Treasures from the Weinreb Architectural Collection

February 1st, 2013 ashleychadwick

In 1968, a proxy working on behalf of the University of Texas Libraries walked into book dealer Ben Weinreb’s London shop and purchased his entire stock. There was no catalog and many copies existed in duplicate or bulk. In 1970, a visitor to the university noted that these materials were still in boxes, but eventually over 50,000 books, journals, drawings and papers were assumed into the architectural book collection at the Harry Ransom Humanities Research Center where many volumes remain available to scholars and independent researchers.

In the late 1980s, HRC, University of Texas Libraries and Architecture and Planning Library staff began discussing the possible transfer of Weinreb duplicates from the HRC to the Architecture and Planning Library’s special collections. This would lead to the infusion of over 5,900 of what Weinreb felt “were ordinary working books of value for the information they contained rather than their antiquity, rarity, or fine printing into the Architecture and Planning Library’s collection, increasing holdings by 15%.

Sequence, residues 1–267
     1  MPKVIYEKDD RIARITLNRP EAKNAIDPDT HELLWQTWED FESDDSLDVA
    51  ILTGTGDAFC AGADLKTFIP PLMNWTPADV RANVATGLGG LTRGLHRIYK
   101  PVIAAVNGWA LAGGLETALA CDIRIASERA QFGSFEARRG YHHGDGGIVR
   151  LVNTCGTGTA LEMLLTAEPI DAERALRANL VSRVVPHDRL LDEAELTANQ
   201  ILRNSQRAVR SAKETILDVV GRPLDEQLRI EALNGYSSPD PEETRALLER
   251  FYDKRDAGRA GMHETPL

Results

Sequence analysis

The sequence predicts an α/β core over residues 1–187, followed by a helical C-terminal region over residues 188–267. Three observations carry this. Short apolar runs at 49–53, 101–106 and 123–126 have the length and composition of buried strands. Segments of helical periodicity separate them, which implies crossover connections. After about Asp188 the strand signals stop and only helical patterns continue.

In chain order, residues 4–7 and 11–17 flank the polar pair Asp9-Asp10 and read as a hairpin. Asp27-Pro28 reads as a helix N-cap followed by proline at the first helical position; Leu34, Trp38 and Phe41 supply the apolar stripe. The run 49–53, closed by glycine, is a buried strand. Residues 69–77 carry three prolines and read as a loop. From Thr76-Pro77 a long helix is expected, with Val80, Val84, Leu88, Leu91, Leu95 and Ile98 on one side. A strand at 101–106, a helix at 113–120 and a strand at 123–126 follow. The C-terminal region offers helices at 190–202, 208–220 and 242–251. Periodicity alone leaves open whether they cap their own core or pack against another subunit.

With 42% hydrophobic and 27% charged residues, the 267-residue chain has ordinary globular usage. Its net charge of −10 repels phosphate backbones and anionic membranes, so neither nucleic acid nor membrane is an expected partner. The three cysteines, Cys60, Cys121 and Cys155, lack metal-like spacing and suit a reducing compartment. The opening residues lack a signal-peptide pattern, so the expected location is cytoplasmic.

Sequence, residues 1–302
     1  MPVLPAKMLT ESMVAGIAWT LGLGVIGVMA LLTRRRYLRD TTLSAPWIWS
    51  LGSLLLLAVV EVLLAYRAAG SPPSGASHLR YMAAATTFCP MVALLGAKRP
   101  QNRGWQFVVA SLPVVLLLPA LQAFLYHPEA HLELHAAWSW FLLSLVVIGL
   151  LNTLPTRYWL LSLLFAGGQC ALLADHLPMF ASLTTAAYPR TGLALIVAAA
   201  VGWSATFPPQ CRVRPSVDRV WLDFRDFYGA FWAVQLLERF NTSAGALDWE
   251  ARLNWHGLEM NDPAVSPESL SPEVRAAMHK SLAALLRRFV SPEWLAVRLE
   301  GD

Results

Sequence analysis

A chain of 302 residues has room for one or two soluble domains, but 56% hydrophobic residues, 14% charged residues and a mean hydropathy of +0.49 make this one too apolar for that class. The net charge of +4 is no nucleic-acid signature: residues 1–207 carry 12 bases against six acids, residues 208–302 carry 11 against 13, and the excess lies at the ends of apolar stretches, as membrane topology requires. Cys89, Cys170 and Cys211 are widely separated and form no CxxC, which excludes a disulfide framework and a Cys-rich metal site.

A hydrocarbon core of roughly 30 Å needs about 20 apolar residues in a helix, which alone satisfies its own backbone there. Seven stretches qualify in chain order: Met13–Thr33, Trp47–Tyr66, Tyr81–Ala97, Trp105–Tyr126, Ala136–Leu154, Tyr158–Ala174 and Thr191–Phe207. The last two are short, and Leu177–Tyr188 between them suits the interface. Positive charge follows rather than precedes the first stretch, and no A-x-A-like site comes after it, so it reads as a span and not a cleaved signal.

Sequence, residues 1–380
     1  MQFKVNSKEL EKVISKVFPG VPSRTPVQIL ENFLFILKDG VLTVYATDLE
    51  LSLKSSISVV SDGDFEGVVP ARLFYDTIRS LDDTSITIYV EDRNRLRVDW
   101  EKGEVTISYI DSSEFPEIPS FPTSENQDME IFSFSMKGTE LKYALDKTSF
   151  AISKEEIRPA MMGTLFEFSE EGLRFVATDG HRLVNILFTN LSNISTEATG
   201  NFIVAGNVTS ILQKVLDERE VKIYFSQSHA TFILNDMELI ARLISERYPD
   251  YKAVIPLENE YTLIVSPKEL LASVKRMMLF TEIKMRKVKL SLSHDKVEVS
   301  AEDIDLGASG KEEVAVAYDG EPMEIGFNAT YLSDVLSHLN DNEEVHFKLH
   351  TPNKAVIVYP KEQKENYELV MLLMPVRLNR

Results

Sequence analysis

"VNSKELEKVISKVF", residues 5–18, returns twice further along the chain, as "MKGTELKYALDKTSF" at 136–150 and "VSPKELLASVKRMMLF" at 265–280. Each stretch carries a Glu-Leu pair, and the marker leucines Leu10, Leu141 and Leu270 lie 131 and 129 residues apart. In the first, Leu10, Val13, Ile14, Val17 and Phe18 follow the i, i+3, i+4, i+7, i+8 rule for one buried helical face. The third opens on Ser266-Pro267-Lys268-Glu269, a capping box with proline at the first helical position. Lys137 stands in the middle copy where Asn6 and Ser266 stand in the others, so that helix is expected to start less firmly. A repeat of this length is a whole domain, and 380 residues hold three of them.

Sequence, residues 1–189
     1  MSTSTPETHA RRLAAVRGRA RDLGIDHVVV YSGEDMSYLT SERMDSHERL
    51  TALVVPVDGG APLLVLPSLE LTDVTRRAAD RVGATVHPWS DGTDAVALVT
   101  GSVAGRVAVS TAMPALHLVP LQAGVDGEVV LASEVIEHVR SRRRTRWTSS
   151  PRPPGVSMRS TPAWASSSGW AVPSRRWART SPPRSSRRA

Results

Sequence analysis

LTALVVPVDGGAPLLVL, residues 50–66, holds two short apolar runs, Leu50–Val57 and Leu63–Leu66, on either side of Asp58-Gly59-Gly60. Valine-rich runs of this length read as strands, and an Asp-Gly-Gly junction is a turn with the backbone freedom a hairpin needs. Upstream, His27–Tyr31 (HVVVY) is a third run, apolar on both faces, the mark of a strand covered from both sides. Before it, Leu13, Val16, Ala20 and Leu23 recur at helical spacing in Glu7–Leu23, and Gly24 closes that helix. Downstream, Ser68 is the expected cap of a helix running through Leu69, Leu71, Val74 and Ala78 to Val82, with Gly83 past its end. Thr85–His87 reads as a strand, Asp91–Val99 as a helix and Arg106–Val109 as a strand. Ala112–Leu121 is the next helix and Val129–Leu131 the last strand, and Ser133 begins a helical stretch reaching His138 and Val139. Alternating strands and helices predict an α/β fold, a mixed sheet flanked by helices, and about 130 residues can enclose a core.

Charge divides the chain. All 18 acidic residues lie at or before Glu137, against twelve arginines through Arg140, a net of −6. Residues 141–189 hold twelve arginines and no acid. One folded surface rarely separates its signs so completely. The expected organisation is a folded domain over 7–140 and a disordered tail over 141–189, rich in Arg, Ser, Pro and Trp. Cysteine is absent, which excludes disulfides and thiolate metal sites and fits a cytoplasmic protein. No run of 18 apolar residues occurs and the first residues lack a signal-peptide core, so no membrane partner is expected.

Unusual among the architect and educator libraries stored in the Architecture and Planning Library special collections, the Weinreb Architectural Collection expresses no discrete professional or academic vision. Rather, Weinreb, who has been described as an “incorrigible buyer of bulk,” was an accidental architectural enthusiast whose “restless ambition to fortify [himself] with [a warehouse] full of stock” eventuated the assembly of both rare and ubiquitous volumes on architecture in English, Dutch, French, German and Italian. These materials address a range of topics including hospital and asylum architecture, the history of interior design, ornament, plumbing, metalwork and design theory. In addition, several monographs for great residential palaces complement other such folios held in special collections.

Stay tuned for more from the Weinreb Architectural Collection!

 

 

Entry Filed under: special collections


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